Static methods can access static fields of the class. You can pass the parameters to the method when you are invoking the method or you can access the static fields of the class. Anyways, you need to carefully design your classes.
You might consider using Enums. As a matter of fact there is an example along the lines of what you are trying to do in the java tutorial pages.
Take a look here and scroll to the bottom and look at the planets example.
Isaac Davis wrote:I'm extremely confused on the use of static methods. I've been writing a code to calculate the surface gravity of each planet in our solar system. I got help from my teacher and I thought I understood but when I tried to finish the program I was still very confused. I know the problems somewhere in the main method and the static void method printResults. The main problem I'm really having is referencing things. I'm not sure how to tell another method to grab info from the main method and print that out. I'm just really confused, any help or refernce to a good static method tutorial or anything that will help will be appreciated.
I think there's more confusion here than over static methods; however, static is what you asked about, so I'll try to explain it first.
You define a class with, among other things, methods and variables. You can declare, among other things, that either the methods or the variables are static, or not. A static item is associated with the class, not an object of the class.
One simple example made of them is a counter for the whole program. Let's say you wanted to define a class called "Planet" (which, incidentally, I think might be a good idea here), and for whatever reasons you wanted to keep track of how many planet objects got instantiated. You could start with:
While I was at it, I've tried to illustrate what I was thinking about in terms of other things you might want to know.
The Planet class defines those things that you might want to know about a planet -- in particular, its mass and diameter as stored values, and the knowledge of how to calculate a few other things. One advantage of OO design and coding is that the things that are associated with planets are in this class -- it helps you know where to look for them later. Also, if you decide you want to store things about the luminosity, orbital period range, or whatever, then you know where to put those things and the methods needed to support them.
We instantiate as many planets as we want; we can put them in an array like you did with your values.
The variables in Planet are mostly "instance" variables, which is the counterpart to "static". You define them in the class, but they only have values if you create an instance of the class, and then their values refer only to that instance. So you instantiate the class once per planet you intend to deal with. I have made one instance of the class for the planet Mercury. You would not want the methods which return values for one planet to be declared 'static', because they refer to one instance of the class; getDiameter, etc., are methods you would not want to be static.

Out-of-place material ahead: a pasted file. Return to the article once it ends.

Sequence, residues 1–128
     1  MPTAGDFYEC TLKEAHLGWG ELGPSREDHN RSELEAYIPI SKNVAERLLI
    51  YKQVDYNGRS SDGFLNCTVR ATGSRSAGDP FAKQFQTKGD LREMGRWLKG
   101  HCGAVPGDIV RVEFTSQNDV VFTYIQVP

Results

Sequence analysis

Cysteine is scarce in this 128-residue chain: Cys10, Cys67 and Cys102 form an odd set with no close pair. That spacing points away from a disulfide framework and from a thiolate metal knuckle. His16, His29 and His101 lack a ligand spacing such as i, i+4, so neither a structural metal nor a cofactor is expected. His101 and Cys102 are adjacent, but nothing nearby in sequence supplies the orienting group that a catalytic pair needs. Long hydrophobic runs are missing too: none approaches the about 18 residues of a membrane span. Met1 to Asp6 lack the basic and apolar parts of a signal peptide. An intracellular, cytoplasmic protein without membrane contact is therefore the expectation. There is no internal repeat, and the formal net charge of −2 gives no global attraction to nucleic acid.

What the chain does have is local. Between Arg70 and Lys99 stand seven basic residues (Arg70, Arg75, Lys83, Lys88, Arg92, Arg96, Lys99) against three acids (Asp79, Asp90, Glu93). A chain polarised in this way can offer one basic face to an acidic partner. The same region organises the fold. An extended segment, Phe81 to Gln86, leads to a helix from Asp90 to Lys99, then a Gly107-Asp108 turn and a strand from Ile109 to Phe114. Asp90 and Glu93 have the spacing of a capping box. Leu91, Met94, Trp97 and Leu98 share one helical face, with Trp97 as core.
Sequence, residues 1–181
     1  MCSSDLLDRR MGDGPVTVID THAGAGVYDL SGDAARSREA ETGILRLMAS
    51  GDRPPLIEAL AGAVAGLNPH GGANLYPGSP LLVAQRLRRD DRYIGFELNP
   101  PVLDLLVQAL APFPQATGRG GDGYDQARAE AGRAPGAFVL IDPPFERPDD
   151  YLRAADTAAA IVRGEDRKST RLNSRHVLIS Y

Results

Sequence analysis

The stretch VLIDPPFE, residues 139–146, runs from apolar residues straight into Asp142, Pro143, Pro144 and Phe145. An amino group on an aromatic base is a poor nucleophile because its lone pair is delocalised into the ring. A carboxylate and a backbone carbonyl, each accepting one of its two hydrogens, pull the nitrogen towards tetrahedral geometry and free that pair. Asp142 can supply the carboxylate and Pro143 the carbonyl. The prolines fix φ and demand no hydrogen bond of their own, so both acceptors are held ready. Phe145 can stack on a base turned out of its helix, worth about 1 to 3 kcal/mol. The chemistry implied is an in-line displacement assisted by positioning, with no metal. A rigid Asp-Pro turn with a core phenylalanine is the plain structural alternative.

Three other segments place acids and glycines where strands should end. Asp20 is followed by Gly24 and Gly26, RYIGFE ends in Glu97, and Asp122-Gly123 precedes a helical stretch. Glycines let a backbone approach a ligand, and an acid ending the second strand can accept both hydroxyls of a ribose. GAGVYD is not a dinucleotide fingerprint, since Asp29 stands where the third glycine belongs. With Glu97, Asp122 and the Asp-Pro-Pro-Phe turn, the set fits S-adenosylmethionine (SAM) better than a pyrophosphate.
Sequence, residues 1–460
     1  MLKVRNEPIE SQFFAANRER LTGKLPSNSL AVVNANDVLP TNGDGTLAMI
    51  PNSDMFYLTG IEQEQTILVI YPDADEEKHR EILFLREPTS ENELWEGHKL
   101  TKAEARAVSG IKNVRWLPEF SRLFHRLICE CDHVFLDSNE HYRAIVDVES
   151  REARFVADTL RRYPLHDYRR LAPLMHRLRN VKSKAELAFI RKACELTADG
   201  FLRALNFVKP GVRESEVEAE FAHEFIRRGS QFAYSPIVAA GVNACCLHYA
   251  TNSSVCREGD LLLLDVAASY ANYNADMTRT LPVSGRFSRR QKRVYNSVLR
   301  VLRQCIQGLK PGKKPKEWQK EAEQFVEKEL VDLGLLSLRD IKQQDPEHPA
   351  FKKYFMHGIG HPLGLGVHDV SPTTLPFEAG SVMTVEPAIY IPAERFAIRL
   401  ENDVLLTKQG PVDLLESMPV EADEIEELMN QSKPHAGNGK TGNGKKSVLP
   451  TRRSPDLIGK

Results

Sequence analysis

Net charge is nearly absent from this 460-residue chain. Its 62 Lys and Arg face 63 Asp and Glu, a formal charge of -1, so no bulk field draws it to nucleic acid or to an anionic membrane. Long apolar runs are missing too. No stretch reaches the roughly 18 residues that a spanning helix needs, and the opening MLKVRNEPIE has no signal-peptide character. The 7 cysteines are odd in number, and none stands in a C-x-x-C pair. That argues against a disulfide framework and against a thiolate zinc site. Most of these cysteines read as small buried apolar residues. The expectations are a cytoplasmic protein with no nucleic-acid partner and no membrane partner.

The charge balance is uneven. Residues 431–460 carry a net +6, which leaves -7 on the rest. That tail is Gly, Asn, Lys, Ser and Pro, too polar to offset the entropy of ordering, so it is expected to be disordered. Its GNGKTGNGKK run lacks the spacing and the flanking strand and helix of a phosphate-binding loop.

The static variables exist whether you have instantiated the class or not, and their values are not associated with an instance of the class; the 'objectCount' variable in my example will go up each time you instantiate the class, and you could print it out as well if you wanted to. So getObjectCount needs to be static because it is referring to a variable that is associated with the class, not with one instance of the class.
The 'g' variable is likewise usable whether you have made an instance, and I have also declared it "final" meaning that it cannot be changed by the program (which just helps to catch program bugs).
There are things I did not create variables for -- radius and surface gravity can be calculated using mass and diameter for any planet, so there's no great need to have it in a variable.
The only two remaining items in this little example are the Planet constructor, which I hope is self explanatory, and the 'main' method itself. If you think about it, you may be able to figure out why 'main()' has to be static -- whatever runtime code it is that starts up your main method cannot know how to construct an object of your class -- it doesn't know what parameters to pass or anything. So it needs a way to get your code executing without knowing that, and so main methods are static.
You may have noticed one anomaly in this example (well, at least 1); the length of the sol array pre-determines how many planets you can have and how many your results printout loop expects. Another topic for another time would be Java collection objects, which allow you to do things like create as many planet objects as are indicated, even if that changes at runtime, and keep them in a collection of Planet objects that does not have to have its size fixed when you are writing the program. But in case you noticed the anomaly and wondered about it, this is how you might address that limitation in a bigger program.
I hope if there's still something you want to know, you can ask a specific question or two, or perhaps this will give you enough to plow through one of the standard texts.
Or: If a method has no use at all of any of the instance fields, consider making it static.